Third day of racing, and second top position for Paul Penhoët. After his fifth place in a bunch sprint, the young man from Groupama-FDJ overcame the climbs of the Tour Down Under’s second stage on Thursday to claim tenth place. Like five of his teammates, he finished inside a reduced peloton, a handful of seconds behind a quintet that went away in the day’s final climb. Miles Scotson has moved up into the top-10 of the general classification, which should change quite a lot on Friday.
On paper, things were supposed to get a bit tougher on stage 2 of the Tour Down Under. Heading towards Victor Harbor, a hilly terrain and strong winds could create a lively race. But that was not the case from the start. “It started very slowly because Jayco-AlUla wanted to control for the intermediate sprint”, said Paul Penhoët. “It was even boring at first, and we didn’t really know what to expect or what strategy the big teams were going to have. “The peloton was half asleep, even more with the headwind”, confirmed Jussi Veikkanen. Two men finally broke away after about thirty kilometres: Manuele Boaro (Astana Qazaqstan Team) and Johan Jacobs (Movistar). The peloton took it easy for a while, but the race then opened up in the first climbs of the day. “In an area we knew well from past editions, a big show of echelons started”, said Jussi. “For twenty kilometres, the peloton was split in two, at least. In the group of thirty at the front, we had our three riders for the overall: Rudy, Michael and Reuben. They were careful, it was well done by them. In the end, however, the headwind that came after the second bonus sprint calmed the leading group down and everything came back together. Then, it was more mentally exhausting”. “The echelons stressed out everyone”, added Paul. “After that, it was nervous for the rest of the stage, because everyone expected that it could split again with each change of direction”.
“Having six guys up front proves that the work over the winter was well done”, Jussi Veikkanen
The pack however remained together after catching the early fugitives and got to the bottom of the decisive Nettle Hill (2km at 7.8%), located 22 kilometres from the finish. “We managed to position ourselves well”, explained Paul. “We knew a sprint was possible if we got over that climb”. But in the highest slopes, five overall contenders managed to get away as the bunch lost riders from the back. At the top, only about fifty men remained in chase of the quintet. “Our group did very well overall”, pointed out Jussi. “We had six riders in the peloton, which was not bad at all. That’s a real satisfaction of today”. “There were still big sprinters, but not all of them”, said Paul, who was up there. “On the other hand, given that it is the first race of the season, everyone was a bit dead in the group after this big effort. We never managed to be organized enough to come back to the leading five who were really strong. It is a pity”. “The five up front were much stronger to be able to stay away despite the headwind for twenty kilometres”, added Jussi. “We tried to take part in the chase as soon as we were able to, but it didn’t work out. We were disappointed not to have given Paul the opportunity to sprint for victory”.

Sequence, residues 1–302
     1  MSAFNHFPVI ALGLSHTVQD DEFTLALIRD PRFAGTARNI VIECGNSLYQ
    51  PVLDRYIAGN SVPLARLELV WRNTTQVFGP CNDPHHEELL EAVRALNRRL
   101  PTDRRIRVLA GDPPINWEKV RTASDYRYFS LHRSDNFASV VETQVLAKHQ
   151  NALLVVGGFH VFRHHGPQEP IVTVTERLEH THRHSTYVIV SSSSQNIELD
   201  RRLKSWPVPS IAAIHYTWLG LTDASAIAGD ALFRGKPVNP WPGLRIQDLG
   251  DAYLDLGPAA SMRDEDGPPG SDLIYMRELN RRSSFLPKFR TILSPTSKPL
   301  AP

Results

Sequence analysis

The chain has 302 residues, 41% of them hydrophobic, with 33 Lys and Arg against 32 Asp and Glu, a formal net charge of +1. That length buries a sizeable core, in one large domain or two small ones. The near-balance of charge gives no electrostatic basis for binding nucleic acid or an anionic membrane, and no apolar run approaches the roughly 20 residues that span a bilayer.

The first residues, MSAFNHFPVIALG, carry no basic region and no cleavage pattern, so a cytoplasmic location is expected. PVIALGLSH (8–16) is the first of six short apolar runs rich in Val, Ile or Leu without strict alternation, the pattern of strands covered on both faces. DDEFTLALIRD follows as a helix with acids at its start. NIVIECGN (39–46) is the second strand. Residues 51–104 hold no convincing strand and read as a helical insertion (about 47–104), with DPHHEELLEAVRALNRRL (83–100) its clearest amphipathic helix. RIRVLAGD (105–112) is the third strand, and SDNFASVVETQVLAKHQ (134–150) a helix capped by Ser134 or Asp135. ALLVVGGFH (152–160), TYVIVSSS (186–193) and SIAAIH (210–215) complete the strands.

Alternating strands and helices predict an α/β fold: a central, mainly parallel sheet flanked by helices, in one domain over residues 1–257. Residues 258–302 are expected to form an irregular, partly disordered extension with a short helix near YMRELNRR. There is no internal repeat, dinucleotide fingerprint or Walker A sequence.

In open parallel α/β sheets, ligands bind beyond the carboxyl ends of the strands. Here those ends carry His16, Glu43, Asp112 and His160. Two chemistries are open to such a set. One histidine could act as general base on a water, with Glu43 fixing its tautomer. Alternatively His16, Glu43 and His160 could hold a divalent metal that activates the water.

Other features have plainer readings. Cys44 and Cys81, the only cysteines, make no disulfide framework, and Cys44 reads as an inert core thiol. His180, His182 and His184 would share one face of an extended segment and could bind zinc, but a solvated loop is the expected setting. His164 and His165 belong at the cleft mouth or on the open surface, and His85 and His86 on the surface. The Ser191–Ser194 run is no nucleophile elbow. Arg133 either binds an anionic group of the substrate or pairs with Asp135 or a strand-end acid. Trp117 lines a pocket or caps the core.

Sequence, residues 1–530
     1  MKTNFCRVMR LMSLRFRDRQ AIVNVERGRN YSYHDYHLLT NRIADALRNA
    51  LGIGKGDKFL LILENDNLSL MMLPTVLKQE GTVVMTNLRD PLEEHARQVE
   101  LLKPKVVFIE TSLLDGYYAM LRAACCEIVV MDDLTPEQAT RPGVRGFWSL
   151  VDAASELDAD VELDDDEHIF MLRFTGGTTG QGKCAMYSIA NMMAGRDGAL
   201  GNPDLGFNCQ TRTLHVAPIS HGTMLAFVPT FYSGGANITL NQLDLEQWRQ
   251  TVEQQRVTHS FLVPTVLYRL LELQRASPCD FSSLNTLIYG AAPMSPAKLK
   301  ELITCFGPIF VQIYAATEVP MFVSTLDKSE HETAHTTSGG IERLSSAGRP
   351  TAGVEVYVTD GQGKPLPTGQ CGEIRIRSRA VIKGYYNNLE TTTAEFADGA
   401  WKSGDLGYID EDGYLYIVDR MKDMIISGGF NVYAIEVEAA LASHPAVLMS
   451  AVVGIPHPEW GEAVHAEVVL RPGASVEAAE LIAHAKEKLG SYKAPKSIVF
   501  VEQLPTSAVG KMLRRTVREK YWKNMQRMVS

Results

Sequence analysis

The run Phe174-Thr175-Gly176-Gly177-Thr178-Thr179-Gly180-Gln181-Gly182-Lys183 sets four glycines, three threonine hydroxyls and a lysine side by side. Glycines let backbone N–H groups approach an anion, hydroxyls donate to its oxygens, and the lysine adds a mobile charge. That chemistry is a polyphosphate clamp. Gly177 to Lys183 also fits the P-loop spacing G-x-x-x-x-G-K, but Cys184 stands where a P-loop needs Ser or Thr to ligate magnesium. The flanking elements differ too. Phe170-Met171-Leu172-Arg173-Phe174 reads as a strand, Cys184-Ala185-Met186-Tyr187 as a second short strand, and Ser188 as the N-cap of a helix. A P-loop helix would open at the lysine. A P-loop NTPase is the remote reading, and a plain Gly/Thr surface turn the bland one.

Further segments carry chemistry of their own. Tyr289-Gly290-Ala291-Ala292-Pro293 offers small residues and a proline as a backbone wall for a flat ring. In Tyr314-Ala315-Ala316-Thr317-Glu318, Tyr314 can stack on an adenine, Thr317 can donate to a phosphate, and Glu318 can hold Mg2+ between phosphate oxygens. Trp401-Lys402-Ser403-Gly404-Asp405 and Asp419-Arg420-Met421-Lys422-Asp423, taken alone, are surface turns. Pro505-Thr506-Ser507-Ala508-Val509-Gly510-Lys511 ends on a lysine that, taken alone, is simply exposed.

Eleven seconds behind the winner and new leader Rohan Dennis (Jumbo-Visma), Paul Penhoët took fifth place in the peloton, meaning tenth in the stage. “I was a bit tired in the final, even though Miles once again did a great job and positioned us well for the last 500 meters”, explained the young man. “It wasn’t for the win, that’s how it is, but I could see that the legs were good in the climbs, and for the whole team too. It’s a good thing considering the difficult stages ahead.” “Paul showed his abilities in the climbs, it’s very interesting and a real positive outcome of the day”, continued Jussi. “Having six guys up front (team with most numbers, editor’s note) also proves that work over the winter was well done. It’s always better to win, but you think about the positive, and it shows that we have qualities”. Miles Scotson also progressed to tenth place overall on Thursday, but he will not be the most anticipated man tomorrow in Campbelltown, where a climb will feature six kilometres before the finish. “The climbers are motivated”, concluded Jussi. “We did a complete recon of the stage. Now, it will come down to the legs in the climb, and we will try to seize any opportunity if they arise”.